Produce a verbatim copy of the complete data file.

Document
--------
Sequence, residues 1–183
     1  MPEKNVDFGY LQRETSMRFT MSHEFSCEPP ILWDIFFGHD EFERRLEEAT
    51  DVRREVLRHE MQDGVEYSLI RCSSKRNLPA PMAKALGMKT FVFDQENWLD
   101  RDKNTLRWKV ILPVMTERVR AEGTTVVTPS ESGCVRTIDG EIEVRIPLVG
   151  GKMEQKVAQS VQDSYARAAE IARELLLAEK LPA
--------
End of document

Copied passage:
Sequence, residues 1–183
     1  MPEKNVDFGY LQRETSMRFT MSHEFSCEPP ILWDIFFGHD EFERRLEEAT
    51  DVRREVLRHE MQDGVEYSLI RCSSKRNLPA PMAKALGMKT FVFDQENWLD
   101  RDKNTLRWKV ILPVMTERVR AEGTTVVTPS ESGCVRTIDG EIEVRIPLVG
   151  GKMEQKVAQS VQDSYARAAE IARELLLAEK LPA